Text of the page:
Image: Lucky charm 1 paper weaving
by Shannon Sinclair CC BY ND 2.0
I am not talented in an artistic sense. My secondary school art teacher took a dim view of my attempts to create a homework that scored anything above 7/10 and I quickly abandoned any attempt to improve after a brief struggle to convince her that my "gift" needed to be nurtured. However, I have a love of art and I derive great pleasure from the appreciation of the talent of others and the natural beauty I see around me in the world. I do maintain a passion for creativity which, in younger days took the form of poetry writing and singing (I thank a great English teacher for his encouragement).
Once I was working as a teacher myself, I started to derive pleasure from creating activities and designing learning materials for my students. This interest has grown and mutated since the advent of digital media. I started in the late 1980's to devise web tours and treasure hunts, use databases as a resource for realistic oral role plays and I enjoyed how the use of new media disrupted the usual classroom dynamic and helped different students shine. Of course, much has changed since then - CD-ROMs, MP3 players, YouTube, WYSIWYGs and HTML5 have revolutionised how we create. Most recently of course digital communication tools such as smart phones have helped us to connect and interact online more easily, for better or worse.
This has been the background for me finding a new creative space. Over the past 10 years I have gradually increased my online presence as part of my professional life. Having taught myself a little HTML many years ago, I realised that websites are rather like tapestries. The beautiful appearance of a page is the result of lots of knots and threads behind the scenes, a good deal of imagination and craft goes in to the finished product - if indeed it is ever finished. When you make online you enjoy a medium that offers lots of possibilities as long as you understand your purpose. Rather like the beautiful piece of weaving above, the various aspects of my digital presence: personal websites; twitter/instagram accounts; open resources shared through various repositories such as slideshare, XTlearn; video accounts and more have to be woven together in order to reveal all the facets of my work. I seem to have arrived at a place where my "next steps" are increasingly about weaving together the various threads of my digital creation. I worry about the web needing to remain this open canvas, a democratic space where all can participate, not one "owned" by states or multinationals who seek only to exploit or control the voice of users. My digital threads are multi-coloured but when they come together they form a coherent self portrait of an educator who will always value the spirit of the artist, who nurtures talent, openness and creativity whatever the circumstances. We can use our creativity for good or evil, I choose to support a positive vision of global human endeavour. I weave for peace.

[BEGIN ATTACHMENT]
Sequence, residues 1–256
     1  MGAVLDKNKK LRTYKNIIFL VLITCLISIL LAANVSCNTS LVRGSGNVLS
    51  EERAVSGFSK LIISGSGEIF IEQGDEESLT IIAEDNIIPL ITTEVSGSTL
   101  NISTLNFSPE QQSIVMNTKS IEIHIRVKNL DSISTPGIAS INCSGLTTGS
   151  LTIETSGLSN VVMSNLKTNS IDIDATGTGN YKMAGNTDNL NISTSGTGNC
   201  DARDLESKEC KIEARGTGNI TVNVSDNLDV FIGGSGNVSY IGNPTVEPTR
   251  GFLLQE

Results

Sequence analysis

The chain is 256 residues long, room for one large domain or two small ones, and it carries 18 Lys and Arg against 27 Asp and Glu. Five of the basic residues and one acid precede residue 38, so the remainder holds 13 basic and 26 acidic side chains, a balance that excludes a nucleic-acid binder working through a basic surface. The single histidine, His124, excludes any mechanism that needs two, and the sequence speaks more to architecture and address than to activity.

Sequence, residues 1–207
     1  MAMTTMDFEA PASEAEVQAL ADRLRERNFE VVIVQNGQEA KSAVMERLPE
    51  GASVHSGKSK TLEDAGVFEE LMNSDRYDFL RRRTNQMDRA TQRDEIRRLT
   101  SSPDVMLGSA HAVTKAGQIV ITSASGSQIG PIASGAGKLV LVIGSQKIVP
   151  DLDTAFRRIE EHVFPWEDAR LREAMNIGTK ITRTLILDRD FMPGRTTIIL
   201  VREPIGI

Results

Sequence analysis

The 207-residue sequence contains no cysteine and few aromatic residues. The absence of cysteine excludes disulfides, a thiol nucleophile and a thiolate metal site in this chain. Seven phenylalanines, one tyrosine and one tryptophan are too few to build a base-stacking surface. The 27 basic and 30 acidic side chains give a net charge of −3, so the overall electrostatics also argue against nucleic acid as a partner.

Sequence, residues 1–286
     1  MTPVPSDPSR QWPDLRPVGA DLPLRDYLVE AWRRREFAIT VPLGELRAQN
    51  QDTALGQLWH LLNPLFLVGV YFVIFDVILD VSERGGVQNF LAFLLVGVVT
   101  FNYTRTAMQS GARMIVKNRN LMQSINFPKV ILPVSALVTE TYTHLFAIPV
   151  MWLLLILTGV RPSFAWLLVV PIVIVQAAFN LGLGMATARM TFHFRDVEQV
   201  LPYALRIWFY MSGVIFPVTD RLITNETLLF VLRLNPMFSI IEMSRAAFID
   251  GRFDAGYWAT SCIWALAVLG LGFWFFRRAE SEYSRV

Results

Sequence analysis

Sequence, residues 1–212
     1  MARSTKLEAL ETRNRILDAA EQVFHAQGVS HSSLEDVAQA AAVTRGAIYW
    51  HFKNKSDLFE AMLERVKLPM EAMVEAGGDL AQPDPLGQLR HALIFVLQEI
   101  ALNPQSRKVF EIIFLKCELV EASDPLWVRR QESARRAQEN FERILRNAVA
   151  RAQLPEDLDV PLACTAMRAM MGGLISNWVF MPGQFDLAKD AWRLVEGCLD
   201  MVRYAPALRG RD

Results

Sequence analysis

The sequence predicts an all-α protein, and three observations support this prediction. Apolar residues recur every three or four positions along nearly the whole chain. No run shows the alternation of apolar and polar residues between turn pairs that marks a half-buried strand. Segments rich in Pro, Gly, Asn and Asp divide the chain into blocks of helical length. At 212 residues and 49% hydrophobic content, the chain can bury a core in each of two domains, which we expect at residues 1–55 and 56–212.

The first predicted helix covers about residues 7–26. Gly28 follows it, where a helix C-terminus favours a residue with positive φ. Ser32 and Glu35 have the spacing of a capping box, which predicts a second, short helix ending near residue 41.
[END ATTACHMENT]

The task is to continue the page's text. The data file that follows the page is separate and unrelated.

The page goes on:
My thanks go to Martin Weller who commented on my weaving skills after this blog post which in turn inspired me to practice more!